After they'd picked up some initial ideas the students went off to create individual characters from the play using whatever they could find lying about in the workroom.

Half an hour later we had a showing. Steph had created a little fat Prospero from a Maraca. Emma had made a human size Miranda from a tailor dummies head and a flowing sheet. Hardeep's Ferdinand started as a bottle of water. The relative scale of the characters made for some surprising combinations and sometimes subverted the text. In effect it quickly became Miranda's story.

We're off to Ham House next week to really look at the space - but I was really impressed by the speed and effectiveness of the puppet creations today - which makes me wonder if we couldn't actually create all the puppets live - Prospero's magic in action - or maybe even work with the audiences' creations? Lots of possibilities.

Wednesday, 15 October 2008


There's some really nuggets of gold on the BBCiplayer at the minute, including this fantastic version of Joe Penhall's brilliant Blue/Orange which first premiered at the National in 2000.

I really like Penhall's ear for dialogue and his sensibility to creating the well made play. There's real craft here in this story of a young black schizophrenic and his relationship with two psychiatric nurses. He's without doubt one of the finest chroniclers of of England in the new early 21st century. Please have a look.

Tuesday, 14 October 2008

A swift half with Cardboard Citizens

Cardboard Citizens brought their new hostel tour onto campus this evening and gave us a really great show. Once again it's very good to see a packed house and professional companies enjoying the experience of performing for our students.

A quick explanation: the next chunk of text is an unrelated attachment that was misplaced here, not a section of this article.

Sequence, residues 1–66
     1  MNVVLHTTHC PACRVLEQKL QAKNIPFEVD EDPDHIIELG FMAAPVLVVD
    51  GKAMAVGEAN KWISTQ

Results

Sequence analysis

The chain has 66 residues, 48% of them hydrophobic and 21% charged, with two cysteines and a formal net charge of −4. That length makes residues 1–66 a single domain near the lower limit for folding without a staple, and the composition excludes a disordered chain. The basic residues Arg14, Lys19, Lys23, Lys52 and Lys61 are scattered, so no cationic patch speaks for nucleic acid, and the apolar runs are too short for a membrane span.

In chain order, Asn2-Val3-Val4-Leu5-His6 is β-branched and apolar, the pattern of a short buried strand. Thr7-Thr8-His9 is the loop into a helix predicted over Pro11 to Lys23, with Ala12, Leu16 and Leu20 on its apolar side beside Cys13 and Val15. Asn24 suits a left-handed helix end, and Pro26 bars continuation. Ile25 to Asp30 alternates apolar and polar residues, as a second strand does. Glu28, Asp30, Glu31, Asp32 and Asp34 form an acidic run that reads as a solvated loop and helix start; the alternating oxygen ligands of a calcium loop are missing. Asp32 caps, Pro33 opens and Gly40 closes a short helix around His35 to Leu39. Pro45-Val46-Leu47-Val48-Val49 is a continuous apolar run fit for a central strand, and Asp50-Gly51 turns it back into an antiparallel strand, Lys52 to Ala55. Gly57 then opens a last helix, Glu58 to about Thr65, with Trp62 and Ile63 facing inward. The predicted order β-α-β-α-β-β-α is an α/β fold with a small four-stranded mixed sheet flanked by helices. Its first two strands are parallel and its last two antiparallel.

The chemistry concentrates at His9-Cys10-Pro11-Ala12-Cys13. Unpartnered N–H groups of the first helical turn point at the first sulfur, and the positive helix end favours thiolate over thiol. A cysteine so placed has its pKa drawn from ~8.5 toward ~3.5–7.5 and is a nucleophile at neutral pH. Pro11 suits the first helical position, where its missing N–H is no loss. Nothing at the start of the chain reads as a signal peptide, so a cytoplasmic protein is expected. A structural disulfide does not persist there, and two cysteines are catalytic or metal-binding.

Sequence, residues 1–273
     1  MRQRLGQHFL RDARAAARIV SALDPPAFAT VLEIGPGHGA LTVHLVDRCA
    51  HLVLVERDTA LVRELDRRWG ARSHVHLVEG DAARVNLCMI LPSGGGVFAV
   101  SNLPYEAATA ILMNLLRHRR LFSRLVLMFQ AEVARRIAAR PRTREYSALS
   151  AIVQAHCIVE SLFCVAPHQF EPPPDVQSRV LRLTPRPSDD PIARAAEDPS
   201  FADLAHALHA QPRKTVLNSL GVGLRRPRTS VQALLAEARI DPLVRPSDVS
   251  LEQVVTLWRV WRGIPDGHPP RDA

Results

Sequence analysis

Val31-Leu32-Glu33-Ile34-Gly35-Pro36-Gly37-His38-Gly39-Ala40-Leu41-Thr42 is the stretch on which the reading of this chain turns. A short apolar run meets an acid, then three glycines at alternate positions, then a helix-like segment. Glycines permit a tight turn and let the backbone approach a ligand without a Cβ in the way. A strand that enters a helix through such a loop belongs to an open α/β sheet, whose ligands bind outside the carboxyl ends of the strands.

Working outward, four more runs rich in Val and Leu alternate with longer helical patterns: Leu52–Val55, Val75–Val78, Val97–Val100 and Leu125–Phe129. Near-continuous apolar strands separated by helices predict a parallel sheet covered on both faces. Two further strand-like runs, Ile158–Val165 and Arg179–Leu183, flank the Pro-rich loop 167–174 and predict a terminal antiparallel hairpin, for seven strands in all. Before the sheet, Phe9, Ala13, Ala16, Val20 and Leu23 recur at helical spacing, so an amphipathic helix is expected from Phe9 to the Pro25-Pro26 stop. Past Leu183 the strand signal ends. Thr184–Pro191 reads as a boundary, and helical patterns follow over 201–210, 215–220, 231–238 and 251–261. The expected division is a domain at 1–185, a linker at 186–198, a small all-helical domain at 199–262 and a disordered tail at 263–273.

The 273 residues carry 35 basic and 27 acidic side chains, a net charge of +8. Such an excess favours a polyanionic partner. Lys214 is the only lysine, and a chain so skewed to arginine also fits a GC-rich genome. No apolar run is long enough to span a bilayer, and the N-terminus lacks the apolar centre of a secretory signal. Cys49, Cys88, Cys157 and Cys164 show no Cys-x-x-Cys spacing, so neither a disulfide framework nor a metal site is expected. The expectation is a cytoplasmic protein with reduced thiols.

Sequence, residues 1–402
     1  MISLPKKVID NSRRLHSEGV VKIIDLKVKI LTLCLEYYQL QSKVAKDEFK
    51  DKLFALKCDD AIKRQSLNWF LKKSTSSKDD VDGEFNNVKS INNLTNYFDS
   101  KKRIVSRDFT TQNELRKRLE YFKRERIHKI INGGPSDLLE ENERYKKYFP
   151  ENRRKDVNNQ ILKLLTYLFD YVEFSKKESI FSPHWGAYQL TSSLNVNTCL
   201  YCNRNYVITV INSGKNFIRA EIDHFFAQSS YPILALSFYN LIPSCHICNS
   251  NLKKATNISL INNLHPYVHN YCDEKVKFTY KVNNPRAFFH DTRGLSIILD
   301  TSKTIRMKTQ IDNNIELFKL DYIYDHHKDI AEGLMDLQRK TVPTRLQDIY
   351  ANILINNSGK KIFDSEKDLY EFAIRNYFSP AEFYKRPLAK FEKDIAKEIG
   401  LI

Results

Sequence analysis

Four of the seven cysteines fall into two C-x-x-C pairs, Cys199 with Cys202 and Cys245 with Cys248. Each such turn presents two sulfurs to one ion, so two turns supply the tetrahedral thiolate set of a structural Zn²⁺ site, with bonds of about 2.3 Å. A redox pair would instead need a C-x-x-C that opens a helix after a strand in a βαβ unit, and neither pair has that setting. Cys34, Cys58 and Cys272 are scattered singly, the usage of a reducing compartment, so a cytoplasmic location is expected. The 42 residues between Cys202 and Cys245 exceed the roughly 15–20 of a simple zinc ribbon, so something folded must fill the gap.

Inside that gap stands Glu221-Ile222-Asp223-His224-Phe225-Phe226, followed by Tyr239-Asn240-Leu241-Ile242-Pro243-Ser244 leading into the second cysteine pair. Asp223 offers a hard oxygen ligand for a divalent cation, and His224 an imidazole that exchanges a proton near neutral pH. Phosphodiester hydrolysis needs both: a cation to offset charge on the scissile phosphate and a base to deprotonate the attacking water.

The company, most of whose membership are or have experienced homelessness, are now the foremost practitioners of forum theatre in the UK. This means their shows are always interactive - a dialogue merging the boundary between stage and auditorium. Firstly a personal story is acted out, normally of an injustice or oppression, and left in unresolved state. On a second playing the audience are encouraged to intervene, joining the actors on stage as the protagonist to improvise alternative strategies so that defeat can be avoided.

Tonight the company offered us three short case studies to work on, all based on true testimony and scripted into dramatic form by playwright Sarah Woods.

In the end the audience opted to work with the story of Rowena, a Filipino nanny, who had left her own daughter in Manila to come to London and work with a family who kept her in virtual slavery. Although, in the short time we had to play, we couldn't find a way out for Rowena - the economics of her situation made it incredibly hard - the act of exploring the story revealed some chilling facts about migrant labour in the UK that helped the audience challenge their own assumptions.

After the get out the company joined us in the Union for a pint and chatted to the students, generously answering questions about their practice and experiences for two hours... invaluable time. We finally waved their van off at half eleven.

Sunday, 12 October 2008

Thoughts from Home.

Drama in the Community third years have started their evaluative blogs (a link list runs down the left hand side of this blog.) Some have started off by exploring broadly the idea of Community, what it means and, more importantly, what it might feel like.